United States District Court, E.D. California
MEMORANDUM AND ORDER RE: MOTION TO DISMISS, MOTION TO
REMAND, AND MOTION TO FILE SECOND AMENDED COMPLAINT
WILLIAM B. SHUBB UNITED STATES DISTRICT JUDGE
Paul Singh and Andrea Singh initiated this action against
defendants Lowe's Home Centers, LLC ("Lowe's)
and Does 1 through 50, bringing claims for assault, battery,
intentional infliction of emotional distress, negligence,
vicarious liability, and negligent supervision, instruction,
and training. (First Amended Compl. ("FAC") (Docket
No. 1., Ex. B).) Presently before the court are
plaintiffs' Motion to Remand (Docket No. 7);
plaintiffs' Motion for Leave to File a Second Amended
Complaint (Docket No. 9); and Lowe's Motion to Dismiss
or, in the alternative, for More Definite Statement (Docket
No. 4) .
Motion to Remand
jurisdiction is a preliminary matter that should be resolved
before all others. Smith v. Mail Boxes, Etc., 191
F.Supp.2d 1155, 1157 (E.D. Cal. 2002)("[J]urisdictional
issues should be resolved before the court determines if a
stay is appropriate."). Accordingly, the court will
first address plaintiff's Motion to Remand.
civil action brought in a State court of which the district
courts of the United States have original jurisdiction, may
be removed by the defendant or the defendants, to the
district court of the United States for the district . . .
where such action is pending." 28 U.S.C. § 1441(a).
However, if "it appears that the district court lacks
subject matter jurisdiction, the case shall be
remanded." 28 U.S.C. § 1447(c). On a motion to
remand, the defendant bears the burden of showing by a
preponderance of the evidence that federal jurisdiction is
appropriate. Geographic Expeditions, Inc. v. Estate of
Lhotka, 599 F.3d 1102, 1107 (9th Cir. 2010) (citation
courts have original jurisdiction over cases where complete
diversity exists between the parties and the amount in
controversy exceeds $75, 000, exclusive of interest and
costs. 28 U.S.C. § 1332(a). To satisfy the requirements
for complete diversity, "each of the plaintiffs must be
a citizen of a different state than each of the
defendants." Morris v. Princess Cruises, Inc.,
236 F.3d 1061, 1067 (9th Cir. 2001) (citing Caterpillar
Inc. v. Lewis, 519 U.S. 61, 68 (1996)).
initiated this case in Sutter County Superior Court, and
Lowe's removed it to federal court, alleging that
"it is a civil action wherein the matter in controversy
exceeds the sum of $75, 000.00, " and additionally
alleging that "the action is between citizens of
different states." (Notice of Removal (Docket No. 1)
¶ 17.) Defendants include Lowe's, the sole named
defendant, as well as Does 1 through 50. It is undisputed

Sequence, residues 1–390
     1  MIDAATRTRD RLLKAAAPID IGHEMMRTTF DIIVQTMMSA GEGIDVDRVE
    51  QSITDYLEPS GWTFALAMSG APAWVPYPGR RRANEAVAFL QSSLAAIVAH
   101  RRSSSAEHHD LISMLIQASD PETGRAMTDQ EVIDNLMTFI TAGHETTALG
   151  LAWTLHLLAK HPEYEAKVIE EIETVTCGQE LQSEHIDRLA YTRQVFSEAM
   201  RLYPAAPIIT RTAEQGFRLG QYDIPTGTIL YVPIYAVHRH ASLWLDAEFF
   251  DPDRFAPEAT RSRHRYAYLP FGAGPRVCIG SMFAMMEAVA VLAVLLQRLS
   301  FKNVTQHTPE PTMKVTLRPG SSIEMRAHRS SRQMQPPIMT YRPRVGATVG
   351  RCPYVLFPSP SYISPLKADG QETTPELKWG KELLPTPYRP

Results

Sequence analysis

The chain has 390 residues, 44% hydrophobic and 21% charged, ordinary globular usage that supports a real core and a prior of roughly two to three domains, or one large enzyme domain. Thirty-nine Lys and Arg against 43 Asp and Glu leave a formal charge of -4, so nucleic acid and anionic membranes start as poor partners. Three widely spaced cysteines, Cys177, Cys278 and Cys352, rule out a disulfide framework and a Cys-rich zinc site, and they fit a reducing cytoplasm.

that plaintiffs were, and presently remain, residents of
California, while Lowe's is a citizen of North Carolina.
(Id. ¶¶ 18-19.)
argue that the presence of doe defendants destroys complete
diversity and thus precludes removal. However, it is well
established that "[i]n determining whether a civil
action is removable on the basis of jurisdiction under
section 1332(a) . . . the citizenship of defendants sued
under fictitious names shall be disregarded." 28 U.S.C.
§ 1441(b)(1). From this language, the Ninth Circuit has
concluded that "Congress obviously reached the
conclusion that doe defendants should not defeat diversity
jurisdiction." Bryant v. Ford Motor Co., 886
F.2d 1526, 1528 (9th Cir. 1989). Therefore, because the court
will disregard the citizenship of all doe defendants, it
concludes that complete diversity exists under 28 U.S.C.
§ 1332(a). Further, there is no debate regarding the
satisfaction of the $75, 000 requirement. Accordingly, the
court concludes that this action was removable and will deny
plaintiffs' Motion to Remand.
possible that plaintiffs may later seek leave to add a
nondiverse party. In the event that occurs, "the court
may deny joinder, or permit joinder and remand the action to
the State court." Newcombe v. Adolf Coors Co.,
157 F.3d 686, 690 (9th Cir. 1998)(explaining that if after
removal plaintiff seeks to join additional defendants whose
joinder would destroy subject matter jurisdiction, court has
discretion to deny).
Leave to Amend
Rule of Civil Procedure 15 empowers parties to agree to
amendments and alternatively directs the court to freely
grant leave to amend "when justice so requires."
Fed.R.Civ.P. 15(a)(2). "[T]his policy is to be applied
with extreme liberality." Morongo Band of Mission
Indians v. Rose, 893 F.2d 1074, 1079 (9th Cir. 1990).
Whether to grant or deny leave to amend is ...